A long hot summer?

While investors can potentially enjoy another summer of low interest rates, uncertainties remain.

Children jumping

As summers go, it’s been a hot start (and we are not just talking about the weather). June has already seen lots of activity that could have potentially had a negative effect on stock markets, such as annual prices of goods and services rising strongly as a result of the economic recovery, or another foray by the Chinese military into Taiwanese air space.

Yet, the fact that stock markets have managed to absorb so much news, and investors stay relatively calm so far, is perhaps surprising. Clearly the key question continuing to occupy investors’ minds is whether the generous amounts of relief being handed out by the authorities in response to the pandemic will continue, or whether the authorities will rein back on them.

On that subject, perhaps the most important event this week was the gathering of officials at the US Federal Reserve meeting. The meetings of this body, which sets interest rates in the US, are very closely watched by investors as their actions typically impact economies around the world.

The main conclusion of the meeting was that as a result of the speed of the global recovery from the coronavirus, interest rates were now likely to rise sooner than investors were expecting. Back in March, the US Federal Reserve suggested interest rates would not rise until 2024. But strong economic data and the speed of the vaccination roll-out in the US, Europe and elsewhere have put upward pressure on the prices of goods and services which are rising at a rapid rate, making it difficult for both consumers and businesses. Authorities typically use higher interest rates to slow annual price rises (otherwise known as inflation).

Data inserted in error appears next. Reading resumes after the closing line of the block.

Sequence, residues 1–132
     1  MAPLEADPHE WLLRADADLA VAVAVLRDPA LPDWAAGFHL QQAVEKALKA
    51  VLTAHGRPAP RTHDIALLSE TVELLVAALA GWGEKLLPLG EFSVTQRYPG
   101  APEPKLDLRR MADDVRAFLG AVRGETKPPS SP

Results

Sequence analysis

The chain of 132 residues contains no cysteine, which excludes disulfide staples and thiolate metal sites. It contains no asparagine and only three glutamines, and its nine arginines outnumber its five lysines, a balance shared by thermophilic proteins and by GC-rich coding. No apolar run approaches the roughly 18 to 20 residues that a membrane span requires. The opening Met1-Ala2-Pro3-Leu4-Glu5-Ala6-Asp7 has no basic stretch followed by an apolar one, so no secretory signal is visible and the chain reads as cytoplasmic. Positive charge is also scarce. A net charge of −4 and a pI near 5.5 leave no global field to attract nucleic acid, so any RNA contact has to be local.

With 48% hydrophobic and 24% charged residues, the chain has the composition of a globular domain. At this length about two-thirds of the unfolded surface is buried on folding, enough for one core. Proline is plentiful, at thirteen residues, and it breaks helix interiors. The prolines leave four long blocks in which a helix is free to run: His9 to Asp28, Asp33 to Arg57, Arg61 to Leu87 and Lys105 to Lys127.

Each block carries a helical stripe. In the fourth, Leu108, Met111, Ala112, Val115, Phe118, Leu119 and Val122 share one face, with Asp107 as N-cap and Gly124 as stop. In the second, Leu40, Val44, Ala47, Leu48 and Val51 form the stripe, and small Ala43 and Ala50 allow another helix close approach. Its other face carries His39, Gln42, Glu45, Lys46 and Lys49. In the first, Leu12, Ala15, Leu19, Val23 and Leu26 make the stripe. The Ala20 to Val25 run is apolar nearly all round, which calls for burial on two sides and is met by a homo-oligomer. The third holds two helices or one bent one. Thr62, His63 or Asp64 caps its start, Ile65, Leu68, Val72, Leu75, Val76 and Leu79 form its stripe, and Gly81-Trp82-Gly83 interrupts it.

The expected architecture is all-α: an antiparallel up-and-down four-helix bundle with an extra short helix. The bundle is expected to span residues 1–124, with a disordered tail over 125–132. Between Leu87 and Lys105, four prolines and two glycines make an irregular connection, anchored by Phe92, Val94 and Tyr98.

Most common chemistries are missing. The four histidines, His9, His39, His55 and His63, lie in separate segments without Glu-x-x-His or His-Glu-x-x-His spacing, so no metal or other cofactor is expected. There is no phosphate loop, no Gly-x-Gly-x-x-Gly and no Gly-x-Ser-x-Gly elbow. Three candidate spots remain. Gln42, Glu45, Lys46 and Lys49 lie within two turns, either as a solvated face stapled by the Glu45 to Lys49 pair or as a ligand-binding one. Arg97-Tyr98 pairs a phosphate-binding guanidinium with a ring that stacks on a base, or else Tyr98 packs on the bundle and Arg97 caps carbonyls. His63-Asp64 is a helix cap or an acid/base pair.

Furthermore, the clock is now counting down to the time when the US Federal Reserve will likely announce that it is time to rein back its generosity – it has been pumping money into the economy as well as keeping interest rates low. Many investors believe this could happen as early as September.

For now, given that interest rates remain low and central banks are still in generous mood, we believe investors can remain relatively calm. But further on in the year, we see potential sticking points.

Stock markets have done very well since the start of the year, with company share prices now looking expensive from a historic perspective. Bubbles have also appeared in certain areas of the market, most notably in cryptocurrencies such as Bitcoin. So-called speculative bubbles are when investors cause a sudden spike in the share prices of certain companies, goods or currencies without paying due attention to their value. Another worry may be that the Chinese authorities are taking steps to dampen the rate of economic expansion in their country as they believe borrowing has risen too far and too fast since the onset of the pandemic.

So, while investors can potentially enjoy another summer of low interest rates and generous relief packages, some uncertainty could be introduced this autumn, along with the onset of shorter days and cooler nights.